Greece Plans Green-Energy Shift to Power Electric VW Fleet

Greece will set up renewable-energy infrastructure, including solar panels and batteries, on one of its small islands that will convert its entire vehicle fleet to electric models from Volkswagen AG.

The government plans to install a 3 megawatt-hour solar park and 7 Mwh battery system on Astypalea by 2023 that will cover just over half of the island’s overall energy demand and be enough for all electric-vehicle charging needs. A second phase of the project could include adding wind turbines to handle more than 80% of power demand by 2026.

Greece Plans Green-Energy Shift to Power Electric VW Fleet

Greek Prime Minister Kyriakos Mitsotakis detailed the plans at an event Wednesday on the island where VW donated the first EV for use by the local police, coastguard and civil aviation authority. The Hellenic Electricity Distribution Network Operator, or Hedno, also will unveil its first 12 recharging stations.

“Our plans are bold, Astypalea will be a test bed for the green transition: energy generated entirely from nature,” Mistotakis said. What will happen in Astypalea is “a doorway to a greener, cleaner, more sustainable world,” he said.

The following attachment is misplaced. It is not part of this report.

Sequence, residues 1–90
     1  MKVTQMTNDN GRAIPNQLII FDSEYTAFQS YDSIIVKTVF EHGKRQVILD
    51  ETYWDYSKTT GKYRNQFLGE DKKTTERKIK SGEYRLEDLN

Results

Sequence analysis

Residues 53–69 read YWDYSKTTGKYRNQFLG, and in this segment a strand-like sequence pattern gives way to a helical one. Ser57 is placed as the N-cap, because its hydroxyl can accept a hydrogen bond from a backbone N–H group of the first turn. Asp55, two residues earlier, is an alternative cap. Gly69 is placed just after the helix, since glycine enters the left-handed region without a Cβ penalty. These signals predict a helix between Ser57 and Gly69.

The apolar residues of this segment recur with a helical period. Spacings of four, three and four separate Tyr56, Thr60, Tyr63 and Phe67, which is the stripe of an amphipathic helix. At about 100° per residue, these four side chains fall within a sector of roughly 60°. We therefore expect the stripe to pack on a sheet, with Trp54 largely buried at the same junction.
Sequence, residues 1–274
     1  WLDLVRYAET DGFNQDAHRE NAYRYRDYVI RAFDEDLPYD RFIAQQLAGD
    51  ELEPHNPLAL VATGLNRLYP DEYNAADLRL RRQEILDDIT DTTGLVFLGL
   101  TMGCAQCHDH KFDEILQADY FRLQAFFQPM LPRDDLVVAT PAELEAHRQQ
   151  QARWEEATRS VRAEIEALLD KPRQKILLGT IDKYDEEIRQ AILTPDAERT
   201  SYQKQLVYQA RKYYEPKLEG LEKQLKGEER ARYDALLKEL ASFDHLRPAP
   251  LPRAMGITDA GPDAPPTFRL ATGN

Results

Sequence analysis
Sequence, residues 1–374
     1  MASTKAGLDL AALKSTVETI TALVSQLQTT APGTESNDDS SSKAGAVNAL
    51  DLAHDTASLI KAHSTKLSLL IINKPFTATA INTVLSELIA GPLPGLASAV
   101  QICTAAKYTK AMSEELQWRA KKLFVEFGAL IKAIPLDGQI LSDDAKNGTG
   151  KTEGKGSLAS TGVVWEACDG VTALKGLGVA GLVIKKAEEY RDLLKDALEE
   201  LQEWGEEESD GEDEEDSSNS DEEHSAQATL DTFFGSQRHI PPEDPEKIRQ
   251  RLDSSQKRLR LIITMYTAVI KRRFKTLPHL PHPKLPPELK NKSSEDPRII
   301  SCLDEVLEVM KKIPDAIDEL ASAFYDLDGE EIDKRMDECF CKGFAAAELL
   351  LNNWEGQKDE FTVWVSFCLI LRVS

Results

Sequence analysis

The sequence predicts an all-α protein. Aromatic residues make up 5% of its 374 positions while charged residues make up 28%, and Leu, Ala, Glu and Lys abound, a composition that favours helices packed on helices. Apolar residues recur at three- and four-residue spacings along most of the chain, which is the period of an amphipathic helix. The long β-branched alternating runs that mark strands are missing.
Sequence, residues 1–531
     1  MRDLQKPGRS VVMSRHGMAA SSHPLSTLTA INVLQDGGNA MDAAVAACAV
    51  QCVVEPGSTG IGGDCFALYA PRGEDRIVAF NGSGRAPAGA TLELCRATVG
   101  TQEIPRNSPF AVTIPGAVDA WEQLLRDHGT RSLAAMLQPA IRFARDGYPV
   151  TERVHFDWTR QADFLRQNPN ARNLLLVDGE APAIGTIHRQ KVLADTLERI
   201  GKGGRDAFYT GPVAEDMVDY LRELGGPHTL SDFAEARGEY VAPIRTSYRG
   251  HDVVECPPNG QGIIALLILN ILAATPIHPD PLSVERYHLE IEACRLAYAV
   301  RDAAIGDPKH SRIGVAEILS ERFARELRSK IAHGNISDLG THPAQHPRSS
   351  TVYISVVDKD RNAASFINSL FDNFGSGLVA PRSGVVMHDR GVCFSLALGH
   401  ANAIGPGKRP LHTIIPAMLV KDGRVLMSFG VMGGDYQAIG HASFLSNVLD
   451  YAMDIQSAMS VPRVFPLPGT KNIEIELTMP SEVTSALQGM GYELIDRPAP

The 10 million euros ($12 million) budgeted for the project is tiny relative to the tens of billions of euros that Europe’s largest automaker is plowing into developing the auto industry’s broadest fleet of EVs. But Astypalea will serve as a test case both for VW and Greece, which is looking to transition energy systems on non-interconnected islands to greener power.

“Astypalea will be a blueprint for decarbonization in Europe,” said Herbert Diess, Chief Executive Officer of Volkswagen Group.

Of the roughly 1,500 vehicles now on the island, about a third are cars, and most of them are very old, Maik Stephan, VW’s head of business development who runs the Astypalea project, told reporters. The plan is to replace all of them with models such as the VW ID.3 hatchback, ID.4 SUV and ABT e-Transporter vans, as well as the Seat MÓ eScooter.

Greece Plans Green-Energy Shift to Power Electric VW Fleet

By switching to a hybrid energy system and replacing aging fossil fuel-based generators, the government aims to cut energy costs by at least 25%, plus reduce carbon-dioxide emissions from the island’s energy system by 50% in the first phase and 70% in the second phase.

Mitsotakis also announced plans Wednesday for promoting the project and converting combustion vehicles to EVs, including the ability for individuals and professionals on the island to apply for government grants to change vehicles. Stephan said VW will survey the island’s citizens on their perceptions of the project to find out more about key drivers and potential hurdles.

©2021 Bloomberg L.P.

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